Oral History Project

Ed and Alma Tatom were interviewed together in 1976 and Alma was interviewed for a second time in 1994. They were long-time residents of the Florence area and made significant contributions to their community. Everyone felt fortunate to have known them.

Alma TatomAlma Tatom took a liking to cows early in life. In 1913 her parents Henry and Pearl (Woosley) Holden had a homestead up the North Fork of the Siuslaw River. It was 7 miles from Florence. While a schoolgirl, she milked her family’s 7 cows before walking a mile to Portage school. When her neighbor across the river was away, Alma milked their 9 cows before going to school as well. Portage was a one-room schoolhouse, which she attended until the 8th grade.She once described her school as being “one room, with one teacher who taught grades one through eight. So, we taught each other somewhat. I actually started teaching school in the 6th grade.”

Her father worked as a logger. Sadly, Henry Holden died in a logging accident near their home in 1929 when Alma was nearly 14. After his death, her mother and 6 younger siblings worked extra hard to keep the farm in the family. Chores were divided up, and in addition to milking the cows, Alma helped raise her 3 sisters and 3 brothers. Her sisters cooked and also helped raise the younger children. With a productive garden, and canning as much as they could, they were never without food. To do her chores, Alma learned to use the milk separator. The skim milk was fed to the calves and pigs, and the cream was sold to the Eugene Farmers Creamery. Her mother received $86 a month in benefits for her husband’s death. Alma remembers that flour, sugar and coffee were about the only items they purchased.

Alma Meets Ed Tatom

When Alma was 6, she had a tooth pulled by Ed’s father, (the first dentist in town). She could see Ed and his twin brother outside the window making faces at her the whole time. It wouldn’t be considered a friendly nor favorable first impression. Years later, Ed courted her while she attended Siuslaw High School.

Alma married Ed Tatom in 1931 when she was 16. In the early years, Ed was a packer at the cannery, worked on boats and was also a fisherman. Alma often claimed he was good at clam digging, and that his bounty was sold for “spare money”. In 1935 he worked as a guard on the Siuslaw Bridge for 18 months.

Ed became the Florence Police Chief in the early 1940’s. In 1945, they moved to Newport. Ed worked as a patrolman for a few months prior to becoming the Police Chief there for 10 years. While in Newport, Alma was the clinic chairman for the Western Lane Health Association. She worked at the monthly child health clinic assisting with examinations and smallpox shots. After Ed retired, they returned to Florence and lived on 160 acres in the Sutton Lake area with their 5 children.

Tragically, in 1956 their oldest son Edwin Ernest, Jr. died at age 24 when his car went over a steep embankment on North Fork Road.

The family moved to Canada in 1964 and enjoyed living there while Ed worked as a fire lookout. After 5 years, he was forced to retire due to his failing eyesight. He eventually became blind for 5 months. Miraculously, his eyesight was restored following a procedure in Florida. They returned to Oregon.

Homestead farming required hard work each day and made for a somewhat isolated family Western Lane County Fair signlifestyle. In the 1900’s, the population of the Siuslaw Valley began to increase. The growth brought development of produce and dairy farms, fish canneries, and the logging industry. The North Fork Grange began in about 1912 and served as both a social and community association. Members united to address and improve schools, roads, and ways to reduce farm costs (such as livestock feed discounts). Other concerns were telephone and electrical service for the area, better mail service, “anything that would benefit us”. The Grange also jointly sponsored the annual Western Lane County Fair in Florence for many years. In viewing the historical list of North Fork Grange Masters, it is evident women and men held equal membership roles. Alma took on leadership as the Master of the Grange in 1984-85.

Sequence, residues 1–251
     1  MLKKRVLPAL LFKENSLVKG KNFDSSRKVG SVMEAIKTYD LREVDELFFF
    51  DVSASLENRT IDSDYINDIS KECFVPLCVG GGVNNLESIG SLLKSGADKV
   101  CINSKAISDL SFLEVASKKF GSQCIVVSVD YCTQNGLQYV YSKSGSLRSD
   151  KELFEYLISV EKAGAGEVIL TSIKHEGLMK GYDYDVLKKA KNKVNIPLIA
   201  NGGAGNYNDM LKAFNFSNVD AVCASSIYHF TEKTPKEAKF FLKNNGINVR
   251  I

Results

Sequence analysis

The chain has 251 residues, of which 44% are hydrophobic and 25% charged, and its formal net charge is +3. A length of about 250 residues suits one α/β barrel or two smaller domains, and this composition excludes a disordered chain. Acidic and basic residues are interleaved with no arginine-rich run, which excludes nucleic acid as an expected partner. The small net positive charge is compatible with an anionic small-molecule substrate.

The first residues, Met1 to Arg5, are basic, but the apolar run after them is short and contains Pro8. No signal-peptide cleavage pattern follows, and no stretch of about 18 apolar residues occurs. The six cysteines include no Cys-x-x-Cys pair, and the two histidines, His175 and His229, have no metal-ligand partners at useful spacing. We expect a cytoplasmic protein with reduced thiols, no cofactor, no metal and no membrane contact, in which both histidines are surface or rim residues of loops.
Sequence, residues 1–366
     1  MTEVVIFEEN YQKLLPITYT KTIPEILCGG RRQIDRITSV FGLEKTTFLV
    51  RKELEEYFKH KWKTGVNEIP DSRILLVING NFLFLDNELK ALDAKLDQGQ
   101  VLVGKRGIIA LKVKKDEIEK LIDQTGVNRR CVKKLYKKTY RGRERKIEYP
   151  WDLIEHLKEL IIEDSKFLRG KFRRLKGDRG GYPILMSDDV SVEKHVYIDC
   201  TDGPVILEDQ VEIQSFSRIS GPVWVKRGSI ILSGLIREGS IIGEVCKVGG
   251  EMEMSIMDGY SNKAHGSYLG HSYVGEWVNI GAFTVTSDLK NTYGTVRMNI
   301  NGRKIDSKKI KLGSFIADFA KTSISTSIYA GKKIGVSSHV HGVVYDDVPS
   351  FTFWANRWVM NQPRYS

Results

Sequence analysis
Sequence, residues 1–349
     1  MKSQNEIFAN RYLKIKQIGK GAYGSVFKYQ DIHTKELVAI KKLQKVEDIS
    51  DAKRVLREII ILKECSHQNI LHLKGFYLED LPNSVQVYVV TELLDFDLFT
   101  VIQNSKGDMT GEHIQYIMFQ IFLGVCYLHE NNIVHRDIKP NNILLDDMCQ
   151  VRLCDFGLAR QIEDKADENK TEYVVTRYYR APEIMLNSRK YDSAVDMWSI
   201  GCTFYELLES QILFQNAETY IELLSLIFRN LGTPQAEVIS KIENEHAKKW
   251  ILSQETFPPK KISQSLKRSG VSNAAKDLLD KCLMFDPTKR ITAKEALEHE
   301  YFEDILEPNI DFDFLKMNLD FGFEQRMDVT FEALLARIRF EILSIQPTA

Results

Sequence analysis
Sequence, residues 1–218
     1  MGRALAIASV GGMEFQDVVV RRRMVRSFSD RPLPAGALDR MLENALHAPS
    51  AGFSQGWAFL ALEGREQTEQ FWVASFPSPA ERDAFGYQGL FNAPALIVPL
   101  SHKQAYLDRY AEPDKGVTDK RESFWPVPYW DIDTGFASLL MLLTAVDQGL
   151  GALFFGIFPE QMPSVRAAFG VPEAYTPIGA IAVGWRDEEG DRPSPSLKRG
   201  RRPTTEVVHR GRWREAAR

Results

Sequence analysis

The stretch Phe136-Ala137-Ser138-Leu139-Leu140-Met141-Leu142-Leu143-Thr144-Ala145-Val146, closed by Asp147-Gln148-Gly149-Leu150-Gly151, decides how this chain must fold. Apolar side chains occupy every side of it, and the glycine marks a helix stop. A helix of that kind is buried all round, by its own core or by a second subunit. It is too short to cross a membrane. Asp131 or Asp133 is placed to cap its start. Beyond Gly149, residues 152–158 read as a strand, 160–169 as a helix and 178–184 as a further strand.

The Grange Hall was locally built, owned by community members, and of significant social importance. It became a social center and anchor for the community. Classes such as sewing, child rearing and food preservation were also taught. Events at the hall included dances, suppers, and a chance for social interaction. Each gathering was highly anticipated. For pot lucks, Alma Tatom was known as the “Lemon Pie Lady”. According to her, “summer or winter, any occasion was [an] excuse for a celebration, regardless of the weather.” . . . .”[As] a kid, my folks took me to dances at the old Grange Hall . . . we didn’t stay home because of rain.”

Besides the North Fork Grange, Alma was an active and theatrical performing member of the John Quay Heritage Players. She was a volunteer with the Rebekahs Lodge, the original Pioneer Association which started the Siuslaw Pioneer Museum. She became a highly respected museum docent.

Alma stayed on the family farm until she moved to town in 1995. For her, the past is a reminder of where we came from, and a lifestyle that brings good memories.

“I look back – we might have gone to town once a year as kids, we didn’t go often. Yes, we had a wonderful life, the Grange Hall was the center of all activities. We went to school, we had Christmas programs at the Grange Hall. . . . To me this is the life.”

Alma Tatom summed up the life on her parents’ farm as “a beautiful time in my life. We lived in the best of days.” And that is perhaps the best memory one can have.